Yale Announces New Biotech Firm

March 27, 1998

Yale Announces Formation Of Valuable New Biotechnology Firm That Could Help Boost New Haven-Area Economy

Yale Reaches Top National Ranking In Technology Transfer


New Haven, Conn. -- Yale University today announced an agreement to help launch Molecular Staging Inc. (MSI), a promising new biotechnology firm that will be located in the New Haven area. The company has acquired from Yale innovative genetic technologies that could revolutionize medical diagnostics, according to Gregory E. Gardiner, director of Yale's Office of Cooperative Research (OCR).

MSI, which initially plans to hire 20-30 people and to occupy 10,000 square feet of laboratory space, is the fourth biotechnology company based on Yale research discoveries to be launched this year, Gardiner said. He added that he hopes to maintain a pace of launching three or four new companies each year and is already far along with planning for the next group.

"Yale is taking a more active role in forming start-up companies in an effort to make sure the New Haven area reaps economic benefits from the University's research," said Gardiner, whose office is responsible for promoting development of Yale discoveries by the private sector. "Aside from creating jobs for about 70 people, the four companies are developing technologies that have the potential to significantly benefit human health throughout the world."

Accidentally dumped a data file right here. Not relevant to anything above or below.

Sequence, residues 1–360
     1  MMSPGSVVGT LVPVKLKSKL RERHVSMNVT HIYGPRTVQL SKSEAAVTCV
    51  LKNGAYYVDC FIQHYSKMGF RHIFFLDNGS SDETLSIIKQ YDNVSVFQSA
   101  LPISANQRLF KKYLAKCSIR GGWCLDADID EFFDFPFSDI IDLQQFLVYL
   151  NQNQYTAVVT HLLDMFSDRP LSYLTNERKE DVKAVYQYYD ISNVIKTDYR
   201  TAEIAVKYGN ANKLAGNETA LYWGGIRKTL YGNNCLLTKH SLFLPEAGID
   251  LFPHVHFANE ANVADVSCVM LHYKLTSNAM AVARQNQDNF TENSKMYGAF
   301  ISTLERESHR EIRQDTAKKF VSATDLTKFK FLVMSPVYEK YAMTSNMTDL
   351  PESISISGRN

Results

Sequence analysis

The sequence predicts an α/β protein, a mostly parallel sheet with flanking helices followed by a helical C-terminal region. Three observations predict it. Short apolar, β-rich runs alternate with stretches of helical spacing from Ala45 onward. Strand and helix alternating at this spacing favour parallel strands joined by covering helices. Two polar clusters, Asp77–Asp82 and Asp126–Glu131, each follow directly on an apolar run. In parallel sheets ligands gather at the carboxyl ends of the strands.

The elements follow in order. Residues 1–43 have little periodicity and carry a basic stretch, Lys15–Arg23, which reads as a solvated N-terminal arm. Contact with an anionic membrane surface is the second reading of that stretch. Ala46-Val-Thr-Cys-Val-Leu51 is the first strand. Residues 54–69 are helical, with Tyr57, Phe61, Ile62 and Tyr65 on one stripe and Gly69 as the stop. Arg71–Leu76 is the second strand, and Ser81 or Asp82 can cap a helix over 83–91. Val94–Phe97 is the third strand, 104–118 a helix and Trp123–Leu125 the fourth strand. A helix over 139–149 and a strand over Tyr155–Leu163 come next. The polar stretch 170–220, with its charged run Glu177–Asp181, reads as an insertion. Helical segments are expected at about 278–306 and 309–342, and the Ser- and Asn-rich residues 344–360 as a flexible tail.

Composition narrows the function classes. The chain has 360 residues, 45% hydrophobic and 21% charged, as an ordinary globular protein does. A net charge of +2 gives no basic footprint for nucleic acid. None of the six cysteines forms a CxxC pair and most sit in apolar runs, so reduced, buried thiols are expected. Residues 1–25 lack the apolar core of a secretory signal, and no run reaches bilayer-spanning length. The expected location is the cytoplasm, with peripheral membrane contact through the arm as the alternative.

The firms are developing diagnostic tests for diseases ranging from Lyme disease to prostate cancer, refining techniques for locating genetic defects on chromosomes, studying receptors in the brain associated with chronic pain, and analyzing population genetics to unravel the causes of diseases that involve defects in multiple genes.

MSI, which is developing new methods important in diagnosing cancer and deadly viruses, is based on the research of a number of Yale scientists, said Acting President Michael I. Sherman, formerly of Roche and PharmGenics Inc. "Yale's Office of Cooperative Research has been unusually helpful in the process of putting together funding sources, guiding the patent application process and seeking laboratory space for this new venture," he added. "Organizing the company would have taken much longer without the OCR's participation."

A second new firm, polyGenomics Inc., is targeting complex diseases caused by defects in a number of genes, including psychiatric disorders such as panic, depression, anxiety and schizophrenia. Dr. Ronald Lennox, a partner at Collinson Howe & Lennox, a Stamford-based venture capital firm that is investing in polyGenomics Inc., said, "Yale's Office of Cooperative Research first introduced us to the idea of polyGenomics last spring and has worked with us since then to help get the company up and running. We have a great relationship with the individuals there and expect to be involved in many more Yale-based companies."

Describing the OCR's role, Gardiner said, "Yale receives the same amount of royalties and fees no matter where our spin-off companies eventually locate, but we recognize the importance of having a strong local economy and a vigorous business climate. By getting more involved in raising capital and developing business plans, Yale can encourage more companies to stay in the New Haven area."